Phantom Thread movie review: Daniel Day-Lewis hangs up his boots in style with Paul Thomas Anderson's melancholic drama
Phantom Thread is not a film about bad marriage as that would be simplistic filmmaking. However, there is an undercurrent of control and power play.
As per Paul Thomas Anderson, a marriage is simply a set of threads woven haphazardly together and the key to a long lasting liaison is finding the right string to pull to make an elegant design. But as per him, a marriage is also about the sticky, poisonous and inelegant filaments that exist between these seemingly elegant seams. Phantom Thread changes in shape and message with every viewing, and as the best film to release this week you would be foolish to miss such an experience in the theater.
In what is supposedly his final acting role, Daniel Day-Lewis plays Reynolds Woodcock, a dressmaker in the '50s England who caters to the crème de la crème of society like royalty, socialites and even movie stars. He lives a very thorough, workmanlike but solitary life in a countryside mansion though he is frequently visited by his equally robotic sister (Lesley Manville) whom he also collaborates with to make dresses. Things take a turn when he falls for a young waitress named Alma (Vicky Krieps) whom he whisks away from the restaurant she works in to become his muse in his mansion. At first, it is the picture perfect marriage but as the days go by, Woodcock inevitably sees signs of wear and tear in the relationship.
The aspect to treasure about this film is how deceptively simple it seems but packs so much beneath the rather ostentatious period detailed surface. With mere silences, Anderson condenses effective commentary on the very nature of human compatibility and the choice between obstinate machine like singular human efficiency and passionate love whose byproduct is dependence. It is also very clever filmmaking – in that it seems to render one message when seen from the eyes of Lewis’ character and another when seen from Krieps’. The undercurrent of control and power play rises to deafening levels with each silent stare between the characters.
You might find yourself asking how you are supposed to react to how these two spectacularly mismatched people react to each other. It is never very clear and it is an unsettling journey as we see Woodcock and Alma unravel, their closeness seeming claustrophobic yet their distance seeming melancholic. This is not just a film about a bad marriage, mind you, because that would be simplistic filmmaking – like the trashy Jennifer Aniston flick The Break Up for instance. Phantom Thread is actually about what a good marriage is but what it questions is how much metaphorical blood you are willing to spill to keep the almost vampiric exchange between the other person under your roof.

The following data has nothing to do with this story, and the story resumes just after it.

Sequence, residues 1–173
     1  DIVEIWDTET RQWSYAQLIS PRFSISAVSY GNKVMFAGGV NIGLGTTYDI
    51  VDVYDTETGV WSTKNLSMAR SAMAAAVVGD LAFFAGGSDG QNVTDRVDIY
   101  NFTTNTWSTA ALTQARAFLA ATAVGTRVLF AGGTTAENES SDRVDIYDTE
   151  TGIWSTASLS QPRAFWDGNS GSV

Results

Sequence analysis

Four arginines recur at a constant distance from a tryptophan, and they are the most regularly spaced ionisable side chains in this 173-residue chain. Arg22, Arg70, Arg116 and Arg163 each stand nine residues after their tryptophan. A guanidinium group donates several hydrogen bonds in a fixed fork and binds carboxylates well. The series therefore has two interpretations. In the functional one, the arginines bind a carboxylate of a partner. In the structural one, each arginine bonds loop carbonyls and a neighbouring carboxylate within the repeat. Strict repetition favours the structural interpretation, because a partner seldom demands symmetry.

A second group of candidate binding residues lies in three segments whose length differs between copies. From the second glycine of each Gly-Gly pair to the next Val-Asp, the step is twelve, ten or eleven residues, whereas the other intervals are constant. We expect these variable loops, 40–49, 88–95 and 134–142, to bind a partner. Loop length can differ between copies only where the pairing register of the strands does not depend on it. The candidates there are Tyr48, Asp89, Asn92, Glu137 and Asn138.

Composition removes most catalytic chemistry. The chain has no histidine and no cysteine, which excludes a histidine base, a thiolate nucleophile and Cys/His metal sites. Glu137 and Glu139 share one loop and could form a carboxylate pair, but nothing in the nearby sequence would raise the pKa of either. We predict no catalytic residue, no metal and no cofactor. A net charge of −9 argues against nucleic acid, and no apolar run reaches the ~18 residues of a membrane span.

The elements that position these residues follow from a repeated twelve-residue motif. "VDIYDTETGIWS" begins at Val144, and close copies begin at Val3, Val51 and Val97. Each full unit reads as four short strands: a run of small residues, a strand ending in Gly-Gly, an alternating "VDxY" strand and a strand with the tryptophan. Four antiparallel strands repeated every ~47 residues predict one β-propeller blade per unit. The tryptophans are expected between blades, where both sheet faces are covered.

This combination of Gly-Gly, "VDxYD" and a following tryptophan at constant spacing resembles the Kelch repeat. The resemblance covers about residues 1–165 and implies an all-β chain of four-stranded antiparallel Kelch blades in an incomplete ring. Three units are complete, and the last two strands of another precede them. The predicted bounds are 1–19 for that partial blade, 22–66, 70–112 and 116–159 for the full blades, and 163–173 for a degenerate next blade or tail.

The ubiquitous thematic appeal of the film is why Day-Lewis, for the first time in decades, is playing a ‘normal’ person. He’s delightfully arrogant as always, but there is a softness, a certain every man-ness to his persona that works as a mirror to those watching him. Beneath the obsessive compulsive, method crazy, overtly British perfectionist who abhors butter, bubbles a dude who wants to reach out for an aloo parantha made by mummy – and this meta performance is a weirdly fitting way for Day-Lewis to say goodbye to the silver screen.
The star of the show is actually Krieps whose demeanor and poise is so perfectly calibrated she is positively incandescent. It is difficult to talk about her performance without getting into spoilers but it is safe to say hers is one of the best Hollywood debuts in years and she is going to be a huge star soon.
Is this Anderson’s Barry Lyndon? Not quite because it does not totally embrace the painterly nature of the narrative the way Stanley Kubrick did, but with each passing film, Anderson’s effort to be this generation’s Kubrick seems more naked. I cannot think of any other studio filmmaker out there who flat out makes auteur-driven prestige projects with total creative liberty – let us hope the professional marriage between Anderson and his producer Megan Ellison lasts two whole lifetimes.
Two of Us movie review: Flawless performances, telling details populate France's official Oscars entry
Two of Us is not just a snapshot of last-gasp love but also a stirring indictment of the dehumanisation of old age.
As the writing becomes increasingly hollow, the director increasingly relies on loud music and grand frames of Mammootty to get by.
Concrete Cowboy review: Netflix's father-son story lovingly showcases a unique community of horse riders
Concrete Cowboy's most impressive moments transcend the father-son story, when the kinship of the horse-riding community comes to the fore